Listen up – There have always been Goliaths and there have always been Davids. We’re going to look at some resources on the David side of things. This isn’t about pointing fingers, it’s about taking responsibility for your digital media, and the economies they support ( you HAVE to. Really. If you don’t the 21st Century will run you over and stamp someone’s logo on your forehead). If you let the corporations make all the decisions for you, the advantage always goes to the house.
It starts by getting past the easy options. Those options being, in this case, Amazon and iBooks. Same goes for Chapters Indigo (Kobo reader) and Barnes & Noble (Nook). In device purchases are optimized for the vendor ecosystem, but with a little software and time investment this can easily be augmented.
Inkmesh Is one of my favourite jumping off points. It pulls together info from multiple sites for a title or author. Just click to do some comparison shopping for best price and preferred format. Yes it often leads back to Amazon, but along the way, you do get other options.
feedbooks The site is browsable by genre, author, price and language has some of everything – public domain, top sellers, new releases, and so on. Pro tip: Damn near everything Cory Doctorow has ever scribbled is available here, a good chunk of it for free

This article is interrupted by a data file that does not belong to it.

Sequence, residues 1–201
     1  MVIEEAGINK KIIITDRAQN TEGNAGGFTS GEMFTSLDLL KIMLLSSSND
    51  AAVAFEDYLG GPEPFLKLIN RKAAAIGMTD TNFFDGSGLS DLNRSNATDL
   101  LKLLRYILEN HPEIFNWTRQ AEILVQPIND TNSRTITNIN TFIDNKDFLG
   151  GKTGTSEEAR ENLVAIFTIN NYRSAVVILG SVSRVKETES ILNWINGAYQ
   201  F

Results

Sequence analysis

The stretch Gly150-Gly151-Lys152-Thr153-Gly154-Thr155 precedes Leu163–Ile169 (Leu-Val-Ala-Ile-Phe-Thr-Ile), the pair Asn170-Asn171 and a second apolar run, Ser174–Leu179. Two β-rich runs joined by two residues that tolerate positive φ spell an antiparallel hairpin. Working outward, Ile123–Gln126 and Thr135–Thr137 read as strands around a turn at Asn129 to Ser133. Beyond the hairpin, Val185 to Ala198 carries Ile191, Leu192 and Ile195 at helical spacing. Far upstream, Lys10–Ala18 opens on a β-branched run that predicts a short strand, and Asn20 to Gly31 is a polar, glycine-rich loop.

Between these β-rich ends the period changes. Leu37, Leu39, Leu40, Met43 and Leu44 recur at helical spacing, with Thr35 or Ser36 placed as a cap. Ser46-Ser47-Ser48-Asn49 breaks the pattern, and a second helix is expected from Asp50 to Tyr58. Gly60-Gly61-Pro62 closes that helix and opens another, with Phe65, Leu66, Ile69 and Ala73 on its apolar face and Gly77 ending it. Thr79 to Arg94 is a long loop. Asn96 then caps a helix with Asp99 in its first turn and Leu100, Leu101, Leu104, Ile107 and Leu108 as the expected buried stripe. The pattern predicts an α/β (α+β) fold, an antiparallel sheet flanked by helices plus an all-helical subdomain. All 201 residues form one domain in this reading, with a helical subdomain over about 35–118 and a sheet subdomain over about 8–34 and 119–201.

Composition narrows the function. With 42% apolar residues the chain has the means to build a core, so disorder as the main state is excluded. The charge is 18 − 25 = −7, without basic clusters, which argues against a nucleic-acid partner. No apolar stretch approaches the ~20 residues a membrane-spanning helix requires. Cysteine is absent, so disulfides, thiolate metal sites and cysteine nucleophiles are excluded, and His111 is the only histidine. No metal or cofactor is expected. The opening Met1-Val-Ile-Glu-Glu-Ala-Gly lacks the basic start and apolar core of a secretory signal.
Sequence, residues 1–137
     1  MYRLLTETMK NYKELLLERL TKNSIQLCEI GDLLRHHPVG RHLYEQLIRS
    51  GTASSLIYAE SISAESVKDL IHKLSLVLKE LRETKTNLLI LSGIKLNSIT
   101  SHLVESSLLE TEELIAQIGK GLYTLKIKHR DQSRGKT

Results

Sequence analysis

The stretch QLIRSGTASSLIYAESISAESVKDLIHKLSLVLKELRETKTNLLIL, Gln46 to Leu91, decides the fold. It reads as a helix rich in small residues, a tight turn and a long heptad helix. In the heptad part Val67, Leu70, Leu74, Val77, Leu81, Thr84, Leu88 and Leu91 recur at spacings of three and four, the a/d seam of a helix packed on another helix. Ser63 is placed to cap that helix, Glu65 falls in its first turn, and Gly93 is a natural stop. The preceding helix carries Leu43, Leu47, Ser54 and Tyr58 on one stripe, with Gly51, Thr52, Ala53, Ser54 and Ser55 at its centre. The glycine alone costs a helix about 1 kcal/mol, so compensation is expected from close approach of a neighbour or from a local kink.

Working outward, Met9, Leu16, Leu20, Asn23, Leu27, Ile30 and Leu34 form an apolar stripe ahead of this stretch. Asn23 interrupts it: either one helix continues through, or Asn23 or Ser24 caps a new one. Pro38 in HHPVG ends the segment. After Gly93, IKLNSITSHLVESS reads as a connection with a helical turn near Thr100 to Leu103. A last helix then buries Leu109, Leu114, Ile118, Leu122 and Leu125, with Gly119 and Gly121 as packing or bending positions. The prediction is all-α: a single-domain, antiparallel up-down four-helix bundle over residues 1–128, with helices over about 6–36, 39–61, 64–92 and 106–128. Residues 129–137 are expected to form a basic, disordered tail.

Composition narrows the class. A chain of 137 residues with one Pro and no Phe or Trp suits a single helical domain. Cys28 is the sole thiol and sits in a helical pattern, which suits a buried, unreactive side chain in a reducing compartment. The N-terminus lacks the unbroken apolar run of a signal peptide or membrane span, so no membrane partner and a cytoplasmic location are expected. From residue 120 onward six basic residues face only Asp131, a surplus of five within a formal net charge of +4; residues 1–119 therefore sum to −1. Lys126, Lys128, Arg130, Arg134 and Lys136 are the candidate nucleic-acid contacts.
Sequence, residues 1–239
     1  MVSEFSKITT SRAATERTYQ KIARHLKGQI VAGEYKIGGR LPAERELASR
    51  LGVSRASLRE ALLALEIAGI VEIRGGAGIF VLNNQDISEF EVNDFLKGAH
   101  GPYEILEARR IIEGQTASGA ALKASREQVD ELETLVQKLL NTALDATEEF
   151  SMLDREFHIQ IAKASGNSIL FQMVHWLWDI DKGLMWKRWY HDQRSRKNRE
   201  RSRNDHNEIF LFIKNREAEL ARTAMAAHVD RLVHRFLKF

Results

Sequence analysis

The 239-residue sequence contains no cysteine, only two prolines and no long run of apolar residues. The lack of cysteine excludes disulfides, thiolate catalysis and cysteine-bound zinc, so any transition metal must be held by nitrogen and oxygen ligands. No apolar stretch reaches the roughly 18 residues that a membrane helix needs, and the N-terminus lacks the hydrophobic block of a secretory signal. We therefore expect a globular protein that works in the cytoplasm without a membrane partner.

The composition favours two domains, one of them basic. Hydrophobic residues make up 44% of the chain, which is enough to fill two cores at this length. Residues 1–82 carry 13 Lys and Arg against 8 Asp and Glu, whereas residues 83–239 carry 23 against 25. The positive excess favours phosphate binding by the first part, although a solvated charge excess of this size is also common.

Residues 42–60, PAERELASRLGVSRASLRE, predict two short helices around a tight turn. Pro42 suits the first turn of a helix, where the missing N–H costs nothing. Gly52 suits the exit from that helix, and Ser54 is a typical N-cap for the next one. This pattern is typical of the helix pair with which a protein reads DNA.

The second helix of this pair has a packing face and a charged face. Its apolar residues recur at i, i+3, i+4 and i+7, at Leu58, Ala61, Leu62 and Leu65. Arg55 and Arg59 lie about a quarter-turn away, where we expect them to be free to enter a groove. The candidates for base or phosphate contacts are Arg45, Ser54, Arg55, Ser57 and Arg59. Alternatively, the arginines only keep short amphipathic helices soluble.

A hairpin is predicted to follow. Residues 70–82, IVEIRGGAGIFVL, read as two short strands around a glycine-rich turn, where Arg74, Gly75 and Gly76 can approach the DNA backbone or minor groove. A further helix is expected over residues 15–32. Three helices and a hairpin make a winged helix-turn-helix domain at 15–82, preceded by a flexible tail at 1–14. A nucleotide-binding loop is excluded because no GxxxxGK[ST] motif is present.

Angry Robot Books More than handful of the word-nerds I know hold Angry Robot in high regard. It’s not just a storefront for anyone and everyone who manages to format their test docs into an eBook, but a publishing house. The books are available through the usual outlets or their very own Robot Trading Company. I am fond of the fact they make excerpts available for their books available in ePub and .mobi formats. In the real life book stores of the world, I like to flip a book open and read a page or two to test the waters. I can load up on samples and do my ‘browsing’ on a park bench.